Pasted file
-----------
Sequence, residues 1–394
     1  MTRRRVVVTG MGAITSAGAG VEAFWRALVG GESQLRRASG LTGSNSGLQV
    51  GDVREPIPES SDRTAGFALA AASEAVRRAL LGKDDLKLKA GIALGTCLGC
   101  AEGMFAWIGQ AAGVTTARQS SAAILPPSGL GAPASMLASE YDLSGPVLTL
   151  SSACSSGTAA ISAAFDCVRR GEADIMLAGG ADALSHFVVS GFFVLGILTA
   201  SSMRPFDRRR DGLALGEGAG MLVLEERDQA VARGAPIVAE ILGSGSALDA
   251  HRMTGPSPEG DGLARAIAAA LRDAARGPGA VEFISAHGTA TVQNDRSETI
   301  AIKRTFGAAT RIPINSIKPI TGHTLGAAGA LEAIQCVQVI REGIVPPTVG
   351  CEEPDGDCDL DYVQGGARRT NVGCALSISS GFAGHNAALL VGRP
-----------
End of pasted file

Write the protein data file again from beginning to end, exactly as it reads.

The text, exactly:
Sequence, residues 1–394
     1  MTRRRVVVTG MGAITSAGAG VEAFWRALVG GESQLRRASG LTGSNSGLQV
    51  GDVREPIPES SDRTAGFALA AASEAVRRAL LGKDDLKLKA GIALGTCLGC
   101  AEGMFAWIGQ AAGVTTARQS SAAILPPSGL GAPASMLASE YDLSGPVLTL
   151  SSACSSGTAA ISAAFDCVRR GEADIMLAGG ADALSHFVVS GFFVLGILTA
   201  SSMRPFDRRR DGLALGEGAG MLVLEERDQA VARGAPIVAE ILGSGSALDA
   251  HRMTGPSPEG DGLARAIAAA LRDAARGPGA VEFISAHGTA TVQNDRSETI
   301  AIKRTFGAAT RIPINSIKPI TGHTLGAAGA LEAIQCVQVI REGIVPPTVG
   351  CEEPDGDCDL DYVQGGARRT NVGCALSISS GFAGHNAALL VGRP